“Exactly what I’m talking about,” Condon proclaimed, trying to align himself with the draft ordinance we’d presented to bring actual independence to police oversight. Yet, the very reason we were there is that Condon had reneged on the promise he’d made nine months earlier to “implement independent investigatory authority for civilian oversight of the police.”
It gets worse.
Condon now tells the paper of record that he supported Proposition 1, the city charter amendment that requires the police ombudsmen to be independent.
This is ludicrous. The reality is that Prop. 1 came about in the weeks following Condon’s cameo appearance at our press conference only because he and his staff continued to block the reform. Indeed, the leadership for Prop. 1 came from Condon’s fellow Republicans on the city council—Mike Allen and Steve Salvatore—because, by early 2013 the two of them were out of patience with the mayor and his city attorney, Nancy Isserlis.
The second part of Condon’s answer to the S-R is equally disingenuous.
The notion that state law has to change in order for Spokane to have independent investigations into citizen complaints is a canard that’s been with us for years. I could shove a pile of past reporting on this issue your way but it reduces to this: at most, what state law requires is that changes in the employee discipline process be part of the collective bargaining process, that they not be unilaterally imposed by management. If there was a genuine argument that the Prop. 1 charter amendment violated state law, you would have heard or read about it in the run-up to the February 2013 special election. You didn’t, because it’s an argument that vaporizes in sunlight. Here, check the voters guide.
But the main issue is this one:
Mary Verner and the Guild went behind closed doors in early 2008 to draft an addition to a collective bargaining agreement that barred the ombudsman from doing independent investigations. Prop. 1 required that these restrictions be lifted; that the collective bargaining agreement no longer be an obstacle to independent oversight.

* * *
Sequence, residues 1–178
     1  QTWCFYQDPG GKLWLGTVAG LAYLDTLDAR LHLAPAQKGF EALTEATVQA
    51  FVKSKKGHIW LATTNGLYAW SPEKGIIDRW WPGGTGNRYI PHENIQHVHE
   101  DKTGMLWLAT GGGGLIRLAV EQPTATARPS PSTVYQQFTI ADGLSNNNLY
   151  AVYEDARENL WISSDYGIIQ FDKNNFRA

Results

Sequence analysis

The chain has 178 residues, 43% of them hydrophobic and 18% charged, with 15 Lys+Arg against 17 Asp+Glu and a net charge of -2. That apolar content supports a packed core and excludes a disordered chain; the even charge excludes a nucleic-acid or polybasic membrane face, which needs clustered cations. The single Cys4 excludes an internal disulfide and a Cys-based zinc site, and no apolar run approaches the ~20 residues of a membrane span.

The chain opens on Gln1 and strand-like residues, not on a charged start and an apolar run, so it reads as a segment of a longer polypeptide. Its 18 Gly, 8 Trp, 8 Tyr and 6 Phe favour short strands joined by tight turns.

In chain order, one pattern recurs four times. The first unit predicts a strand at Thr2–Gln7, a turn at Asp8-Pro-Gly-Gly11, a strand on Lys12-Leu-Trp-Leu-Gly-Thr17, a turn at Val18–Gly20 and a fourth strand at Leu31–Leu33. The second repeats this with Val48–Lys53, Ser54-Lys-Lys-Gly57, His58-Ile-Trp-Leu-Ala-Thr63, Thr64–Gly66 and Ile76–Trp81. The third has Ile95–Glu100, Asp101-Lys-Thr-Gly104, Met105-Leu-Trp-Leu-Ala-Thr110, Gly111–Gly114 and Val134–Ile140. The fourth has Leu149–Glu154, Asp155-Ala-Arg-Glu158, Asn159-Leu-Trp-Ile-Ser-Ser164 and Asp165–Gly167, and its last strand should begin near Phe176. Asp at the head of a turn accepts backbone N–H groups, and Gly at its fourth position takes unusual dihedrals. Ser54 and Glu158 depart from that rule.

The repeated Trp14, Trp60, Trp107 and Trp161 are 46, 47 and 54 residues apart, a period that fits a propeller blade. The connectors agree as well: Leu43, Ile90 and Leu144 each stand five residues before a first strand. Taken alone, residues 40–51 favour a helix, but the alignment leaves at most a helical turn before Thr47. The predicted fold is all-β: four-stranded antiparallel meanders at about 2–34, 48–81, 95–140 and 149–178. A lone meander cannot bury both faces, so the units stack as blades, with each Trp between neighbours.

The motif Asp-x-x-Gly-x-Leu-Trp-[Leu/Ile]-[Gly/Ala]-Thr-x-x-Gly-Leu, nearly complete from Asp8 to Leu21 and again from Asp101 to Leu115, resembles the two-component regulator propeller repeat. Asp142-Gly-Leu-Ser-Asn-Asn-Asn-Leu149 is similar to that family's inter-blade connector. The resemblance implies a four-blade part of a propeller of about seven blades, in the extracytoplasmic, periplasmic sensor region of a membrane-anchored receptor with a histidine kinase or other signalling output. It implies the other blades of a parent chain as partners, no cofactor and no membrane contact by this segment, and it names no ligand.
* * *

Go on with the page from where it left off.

Condon’s opportunity to do that was in 2013, in the months after the charter amendment was approved, and while the City was in negotiations with the Guild on a new contract (it expires at the end of next year). Despite the Prop. 1 mandate, Condon and his negotiating team did nothing. They proposed no substantive changes to the contract other than to state in their new agreement (and this is darkly funny) that it complied with all the requirements of the new charter amendment. Seriously. This is how low an opinion the mayor and the guild leadership have of the public and of the attention span of Spokane media.
Condon is not the only sitting elected official who has failed to deliver on the popularly ratified charter amendment. But he was in the best position, by far, to get it done. The record couldn’t be clearer that it didn’t get done. And it didn’t get done because he didn’t want it to get done. End of story.